A Foreign Office spokesman said in a statement: “Our thoughts are with the family and friends of a British man who sadly died at the Mount Meron stampede.”
The deadly stampede began as hundreds of thousands of people attempted to funnel through a narrow passageway descending the mountain during the Lag BaOmer religious festival, which was attended by almost 100,000 ultra-Orthodox Jews.
Witnesses said that people began falling on top of each other near the end of the passageway which was followed by slippery metal stairs. 150 people were injured.
Prime Minister Benjamin Netanyahu described the incident as “one of the worst disasters that has befallen the state of Israel” and promised to launch an inquiry.
The Queen offered her condolences to Israeli president Reuven Rivlin, saying she was “deeply saddened” by the disaster.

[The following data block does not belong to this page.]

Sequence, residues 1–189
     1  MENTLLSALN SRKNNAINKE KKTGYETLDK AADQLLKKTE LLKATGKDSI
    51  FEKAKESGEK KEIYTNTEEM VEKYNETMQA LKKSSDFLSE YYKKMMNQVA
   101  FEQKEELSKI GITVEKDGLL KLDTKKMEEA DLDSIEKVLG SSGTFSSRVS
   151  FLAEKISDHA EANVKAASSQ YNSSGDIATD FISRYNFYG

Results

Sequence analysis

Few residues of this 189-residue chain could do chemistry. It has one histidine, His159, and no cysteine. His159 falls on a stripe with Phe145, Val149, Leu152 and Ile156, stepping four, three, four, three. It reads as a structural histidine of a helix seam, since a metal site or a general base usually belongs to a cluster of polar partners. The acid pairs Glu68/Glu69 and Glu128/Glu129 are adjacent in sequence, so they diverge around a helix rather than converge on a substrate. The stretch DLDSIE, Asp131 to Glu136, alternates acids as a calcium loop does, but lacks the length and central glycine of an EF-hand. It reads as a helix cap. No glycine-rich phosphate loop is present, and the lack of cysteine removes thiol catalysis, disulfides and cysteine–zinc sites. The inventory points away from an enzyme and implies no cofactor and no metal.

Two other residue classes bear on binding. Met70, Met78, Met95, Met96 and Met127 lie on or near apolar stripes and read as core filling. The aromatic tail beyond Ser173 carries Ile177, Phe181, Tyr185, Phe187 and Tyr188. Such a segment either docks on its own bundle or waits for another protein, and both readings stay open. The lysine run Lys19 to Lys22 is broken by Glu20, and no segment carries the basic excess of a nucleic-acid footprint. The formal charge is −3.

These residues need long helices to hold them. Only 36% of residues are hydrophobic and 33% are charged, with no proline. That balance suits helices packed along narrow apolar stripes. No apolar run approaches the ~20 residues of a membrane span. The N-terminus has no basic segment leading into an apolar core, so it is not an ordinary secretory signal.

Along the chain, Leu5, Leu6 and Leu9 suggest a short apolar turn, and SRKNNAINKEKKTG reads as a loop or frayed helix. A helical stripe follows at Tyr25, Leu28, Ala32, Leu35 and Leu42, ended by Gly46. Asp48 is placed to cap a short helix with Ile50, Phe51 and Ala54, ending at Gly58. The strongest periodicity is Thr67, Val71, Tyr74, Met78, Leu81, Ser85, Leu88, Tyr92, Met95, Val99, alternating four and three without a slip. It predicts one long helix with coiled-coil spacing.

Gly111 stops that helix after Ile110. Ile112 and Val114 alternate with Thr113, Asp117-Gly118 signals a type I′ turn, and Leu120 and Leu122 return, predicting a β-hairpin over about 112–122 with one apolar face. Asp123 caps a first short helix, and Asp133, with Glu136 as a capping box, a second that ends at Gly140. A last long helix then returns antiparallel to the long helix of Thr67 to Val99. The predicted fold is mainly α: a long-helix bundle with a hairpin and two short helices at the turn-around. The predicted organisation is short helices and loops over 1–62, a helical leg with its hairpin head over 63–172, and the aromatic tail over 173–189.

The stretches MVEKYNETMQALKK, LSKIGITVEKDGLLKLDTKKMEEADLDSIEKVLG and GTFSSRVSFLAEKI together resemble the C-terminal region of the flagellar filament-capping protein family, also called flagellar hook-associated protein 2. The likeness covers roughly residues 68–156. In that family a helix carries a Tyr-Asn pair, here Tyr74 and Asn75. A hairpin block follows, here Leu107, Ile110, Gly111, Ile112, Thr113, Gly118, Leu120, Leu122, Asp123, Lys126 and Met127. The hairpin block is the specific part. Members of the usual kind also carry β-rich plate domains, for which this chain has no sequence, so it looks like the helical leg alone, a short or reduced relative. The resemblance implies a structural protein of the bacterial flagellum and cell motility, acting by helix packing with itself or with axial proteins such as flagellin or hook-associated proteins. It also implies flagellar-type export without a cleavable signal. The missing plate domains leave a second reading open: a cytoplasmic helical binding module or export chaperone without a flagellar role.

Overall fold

She wrote: “My thoughts are with all those who have been injured, and the friends and families of those who lost their lives. They have my deepest sympathies.”
The festival was the first major religious gathering since Israel lifted the majority of its Covid-19 restrictions.
Ultra-Orthdox Jews visit the mountain to celebrate the Lag Ba’Omer holiday because it is believed to be the burial site of the 2nd century sage Rabbi Shimon Bar Yochai.
Rescue crews said that the site was only built to accommodate around a quarter of the visitors present on the day of the disaster.